# Neural Networks

### From Ufldl

Consider a supervised learning problem where we have access to labeled training
examples (*x*^{(i)},*y*^{(i)}). Neural networks give a way of defining a complex,
non-linear form of hypotheses *h*_{W,b}(*x*), with parameters *W*,*b* that we can
fit to our data.

To describe neural networks, we will begin by describing the simplest possible neural network, one which comprises a single "neuron." We will use the following diagram to denote a single neuron:

This "neuron" is a computational unit that takes as input *x*_{1},*x*_{2},*x*_{3} (and a +1 intercept term), and
outputs , where is
called the **activation function**. In these notes, we will choose
to be the sigmoid function:

Thus, our single neuron corresponds exactly to the input-output mapping defined by logistic regression.

Although these notes will use the sigmoid function, it is worth noting that
another common choice for *f* is the hyperbolic tangent, or tanh, function:

Here are plots of the sigmoid and tanh functions:

The tanh(*z*) function is a rescaled version of the sigmoid, and its output range is
[ − 1,1] instead of [0,1].

Note that unlike CS221 and (parts of) CS229, we are not using the convention
here of *x*_{0} = 1. Instead, the intercept term is handled separately by the parameter *b*.

Finally, one identity that'll be useful later: If *f*(*z*) = 1 / (1 + exp( − *z*)) is the sigmoid
function, then its derivative is given by *f*'(*z*) = *f*(*z*)(1 − *f*(*z*)).
(If *f* is the tanh function, then its derivative is given by
*f*'(*z*) = 1 − (*f*(*z*))^{2}.) You can derive this yourself using the definition of
the sigmoid (or tanh) function.

## Neural Network formulation

A neural network is put together by hooking together many of our simple
``neurons,* so that the output of a neuron can be the input of another. For*
example, here is a small neural network:

In this figure, we have used circles to also denote the inputs to the network. The circles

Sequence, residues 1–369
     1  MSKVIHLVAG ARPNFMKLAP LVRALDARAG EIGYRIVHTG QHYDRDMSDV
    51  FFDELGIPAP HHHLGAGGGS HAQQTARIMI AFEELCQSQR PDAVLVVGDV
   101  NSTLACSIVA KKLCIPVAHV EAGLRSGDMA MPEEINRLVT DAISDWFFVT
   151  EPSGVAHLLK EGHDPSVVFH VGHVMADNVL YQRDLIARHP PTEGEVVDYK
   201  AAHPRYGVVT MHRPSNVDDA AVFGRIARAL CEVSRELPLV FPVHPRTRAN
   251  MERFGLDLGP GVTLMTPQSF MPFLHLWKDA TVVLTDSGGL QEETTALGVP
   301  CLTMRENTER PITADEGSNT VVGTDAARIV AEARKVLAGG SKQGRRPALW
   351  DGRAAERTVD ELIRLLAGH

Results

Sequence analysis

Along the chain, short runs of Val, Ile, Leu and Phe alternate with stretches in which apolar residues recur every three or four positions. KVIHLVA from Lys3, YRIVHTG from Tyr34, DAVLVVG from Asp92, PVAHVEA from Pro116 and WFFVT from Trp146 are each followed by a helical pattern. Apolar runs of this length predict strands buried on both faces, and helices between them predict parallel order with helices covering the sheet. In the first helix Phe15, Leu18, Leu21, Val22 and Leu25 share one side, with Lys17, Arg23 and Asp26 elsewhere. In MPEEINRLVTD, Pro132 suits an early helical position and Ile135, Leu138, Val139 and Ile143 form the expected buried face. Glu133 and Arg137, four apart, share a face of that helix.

labeled ``+1* are called {\bf bias units}, and correspond to the intercept term.*
The leftmost layer of the network is called the {\bf input layer}, and the
rightmost layer the {\bf output layer} (which, in this example, has only one
node). The middle layer of nodes is called the {\bf hidden layer}, because its
values are not observed in the training set. We also say that our example
neural network has 3 {\bf input units} (not counting the bias unit), 3 {\bf
hidden units}, and 1 {\bf output unit}.

We will let *n*_{l}
denote the number of layers in our network; thus *n*_{l} = 3 in our example. We label layer *l* as
*L*_{l}, so layer *L*_{1} is the input layer, and layer the output layer.
Our neural network has parameters (*W*,*b*) = (*W*^{(1)},*b*^{(1)},*W*^{(2)},*b*^{(2)}), where
we write
to denote the parameter (or weight) associated with the connection
between unit *j* in layer *l*, and unit *i* in layer *l* + 1. (Note the order of the indices.)
Also, is the bias associated with unit *i* in layer *l* + 1.
Thus, in our example, we have , and .
Note that bias units don't have inputs or connections going into them, since they always output
the value +1. We also let *s*_{l} denote the number of nodes in layer *l* (not counting the bias unit).

We will write to denote the {\bf activation} (meaning output value) of
unit *i* in layer *l*. For *l* = 1, we also use to denote the *i*-th input.
Given a fixed setting of
the parameters *W*,*b*, our neural
network defines a hypothesis *h*_{W,b}(*x*) that outputs a real number. Specifically, the
computation that this neural network represents is given by:

In the sequel, we also let denote the total weighted sum of inputs to unit *i* in layer *l*,
including the bias term (e.g., ), so that
.